Good eggs: The Footlights Troupe are a talented bunch, but have some big shoes to fillRob Eager

During Freshers’ Week, having been burdened with the task of organising college events, I found myself marshalling a group of keen students to the ADC theatre to see the Footlights International Tour Show as part of their obligatory integration into the cultural agglomerate that is the Cambridge theatre scene. I popped it on the schedule as I thought it was a failsafe choice: a surefire way of keeping everybody, including myself (it had been a long week), happy.

School-teacher rallying aside, for me, it was a bit of a night off. We might’ve had to sprint to the box office for the last five minutes of our journey after a couple of meandering students had taken their time walking, but once I had sunk into my seat, I relaxed. I enjoyed the show a lot: it was much better than the previous year’s, I had thought.

You can imagine my surprise that when the curtains went back down, I overheard one of the new cohort expressing quite the contrary opinion: “I expected a lot more – it was all a bit underwhelming.”

A lot of acting careers have begun at the ADC, but the learning process doesn't often end here Simon Lock

I think it’s fair to say that with the Footlights name in particular, comes quite a lofty reputation, and one that begs the talent and performative gusto to match. And while this year’s cohort have it in abundance, having considered what the student in question might have meant I can see precisely why they were so disappointed.

“I had failed to take into account that the people I was watching on stage had probably not yet had the benefit of some of the Old Vic’s polish”

In the shadow of the successes of industry bigwigs like Emma Thompson, Richard Ayoade and John Cleese, and attached so irrevocably to the Cambridge ‘brand’ of theatre, it is hard to assess new talent responsibly.

It becomes increasingly difficult when the troupe market themselves against the gregarious endorsement of their repute: “the most renowned sketch troupe of them all”. But the truth is, they are standing in the impossibly large shoes of their often formally trained predecessors, and this is not fair.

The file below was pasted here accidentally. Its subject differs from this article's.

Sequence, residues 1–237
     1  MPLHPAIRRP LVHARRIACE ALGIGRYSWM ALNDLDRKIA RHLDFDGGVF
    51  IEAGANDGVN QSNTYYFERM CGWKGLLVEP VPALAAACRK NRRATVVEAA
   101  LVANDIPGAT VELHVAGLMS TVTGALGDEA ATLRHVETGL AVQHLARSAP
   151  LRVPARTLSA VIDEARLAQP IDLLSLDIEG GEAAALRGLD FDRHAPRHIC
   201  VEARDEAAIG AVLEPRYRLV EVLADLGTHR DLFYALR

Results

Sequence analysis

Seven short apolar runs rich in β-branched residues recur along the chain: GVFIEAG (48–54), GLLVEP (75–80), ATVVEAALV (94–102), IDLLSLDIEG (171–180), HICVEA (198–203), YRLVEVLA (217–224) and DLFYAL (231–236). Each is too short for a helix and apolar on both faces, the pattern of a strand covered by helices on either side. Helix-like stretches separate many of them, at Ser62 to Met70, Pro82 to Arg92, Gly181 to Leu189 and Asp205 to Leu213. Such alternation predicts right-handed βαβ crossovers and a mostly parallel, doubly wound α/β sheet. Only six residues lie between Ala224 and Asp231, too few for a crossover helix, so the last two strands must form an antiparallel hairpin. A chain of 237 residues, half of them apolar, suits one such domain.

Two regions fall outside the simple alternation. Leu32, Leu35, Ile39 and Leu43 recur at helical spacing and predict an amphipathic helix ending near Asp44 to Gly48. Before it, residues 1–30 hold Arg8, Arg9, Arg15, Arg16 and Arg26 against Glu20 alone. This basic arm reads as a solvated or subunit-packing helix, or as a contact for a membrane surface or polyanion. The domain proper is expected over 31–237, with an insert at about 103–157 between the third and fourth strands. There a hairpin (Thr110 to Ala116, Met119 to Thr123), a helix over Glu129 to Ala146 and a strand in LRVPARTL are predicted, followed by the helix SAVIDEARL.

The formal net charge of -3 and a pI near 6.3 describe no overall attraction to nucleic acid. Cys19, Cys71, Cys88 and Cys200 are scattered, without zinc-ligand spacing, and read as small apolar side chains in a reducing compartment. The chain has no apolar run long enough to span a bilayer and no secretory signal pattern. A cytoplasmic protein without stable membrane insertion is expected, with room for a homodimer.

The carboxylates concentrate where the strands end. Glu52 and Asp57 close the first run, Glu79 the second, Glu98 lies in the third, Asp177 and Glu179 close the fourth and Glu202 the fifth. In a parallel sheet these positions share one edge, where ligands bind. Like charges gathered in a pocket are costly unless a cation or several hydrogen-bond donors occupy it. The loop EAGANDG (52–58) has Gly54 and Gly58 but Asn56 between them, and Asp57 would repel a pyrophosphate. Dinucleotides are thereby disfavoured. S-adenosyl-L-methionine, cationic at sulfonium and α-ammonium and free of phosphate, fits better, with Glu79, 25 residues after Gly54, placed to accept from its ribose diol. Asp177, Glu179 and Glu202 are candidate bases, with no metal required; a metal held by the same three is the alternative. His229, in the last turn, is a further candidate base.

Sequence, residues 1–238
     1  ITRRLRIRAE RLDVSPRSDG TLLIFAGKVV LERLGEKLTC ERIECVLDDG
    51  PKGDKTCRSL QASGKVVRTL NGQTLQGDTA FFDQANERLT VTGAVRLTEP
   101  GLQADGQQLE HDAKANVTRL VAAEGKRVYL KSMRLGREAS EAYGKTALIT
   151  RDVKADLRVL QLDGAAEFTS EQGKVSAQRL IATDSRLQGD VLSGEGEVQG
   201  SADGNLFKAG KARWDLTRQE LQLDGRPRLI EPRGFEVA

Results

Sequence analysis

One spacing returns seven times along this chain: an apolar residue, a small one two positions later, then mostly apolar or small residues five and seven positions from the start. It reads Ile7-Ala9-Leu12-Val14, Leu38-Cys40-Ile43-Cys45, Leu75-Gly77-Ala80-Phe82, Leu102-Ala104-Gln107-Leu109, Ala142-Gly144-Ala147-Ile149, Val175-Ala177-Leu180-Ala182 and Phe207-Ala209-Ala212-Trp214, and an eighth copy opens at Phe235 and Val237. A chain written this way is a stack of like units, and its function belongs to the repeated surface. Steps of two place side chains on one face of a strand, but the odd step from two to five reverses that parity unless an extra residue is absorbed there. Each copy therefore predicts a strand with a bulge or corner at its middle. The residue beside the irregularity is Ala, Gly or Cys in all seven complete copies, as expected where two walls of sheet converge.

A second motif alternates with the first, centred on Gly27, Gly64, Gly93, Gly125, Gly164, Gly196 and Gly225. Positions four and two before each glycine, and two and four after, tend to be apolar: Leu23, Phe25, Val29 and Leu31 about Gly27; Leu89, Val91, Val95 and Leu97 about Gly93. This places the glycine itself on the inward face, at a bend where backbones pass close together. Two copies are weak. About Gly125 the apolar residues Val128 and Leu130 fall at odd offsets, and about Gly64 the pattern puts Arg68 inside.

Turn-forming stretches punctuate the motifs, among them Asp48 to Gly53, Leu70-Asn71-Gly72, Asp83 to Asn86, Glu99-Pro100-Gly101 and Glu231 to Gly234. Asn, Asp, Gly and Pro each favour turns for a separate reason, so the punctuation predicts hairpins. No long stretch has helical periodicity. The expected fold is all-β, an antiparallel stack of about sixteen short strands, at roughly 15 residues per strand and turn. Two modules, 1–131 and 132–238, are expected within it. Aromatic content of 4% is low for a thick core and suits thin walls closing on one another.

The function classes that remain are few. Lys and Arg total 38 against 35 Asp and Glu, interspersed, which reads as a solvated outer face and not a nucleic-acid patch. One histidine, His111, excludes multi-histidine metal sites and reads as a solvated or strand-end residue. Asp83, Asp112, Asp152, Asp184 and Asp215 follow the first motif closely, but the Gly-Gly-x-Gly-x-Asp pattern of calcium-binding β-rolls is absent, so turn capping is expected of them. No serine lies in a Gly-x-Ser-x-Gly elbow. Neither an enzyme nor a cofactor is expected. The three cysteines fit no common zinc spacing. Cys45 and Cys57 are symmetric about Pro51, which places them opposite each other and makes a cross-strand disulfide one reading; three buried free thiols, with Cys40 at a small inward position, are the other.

After kicking off his career starring as Orestes, Hiddleston trained at RADAThe Greek Play Committee

This is not to say that we should stop holding student performers to high standards. We should – there are plenty of incredibly talented performers. But on numerous occasions even I have been guilty of the way of thinking that I have just outlined. I have had many a post-show debate lamenting the lack of an Olivia Colman-esque virtuoso performance, when I had failed to take into account that the people I was watching on stage had probably not yet had the benefit of some of the Old Vic’s polish.


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We should contextualise both the successes and the shortfalls of our student theatre community. I very much doubt that Tom Hiddleston emerged from the womb reciting ‘To be, or not to be’ with perfect poise and intonation. The stress of the Tripos might’ve helped with the fervent angst of the role, but not much otherwise – he had RADA to thank for that.

While I am certain that many of the actors and comedians you see perform here today will have wonderfully bright futures ahead of them, all that I ask is that we stop holding student performers to impossible standards

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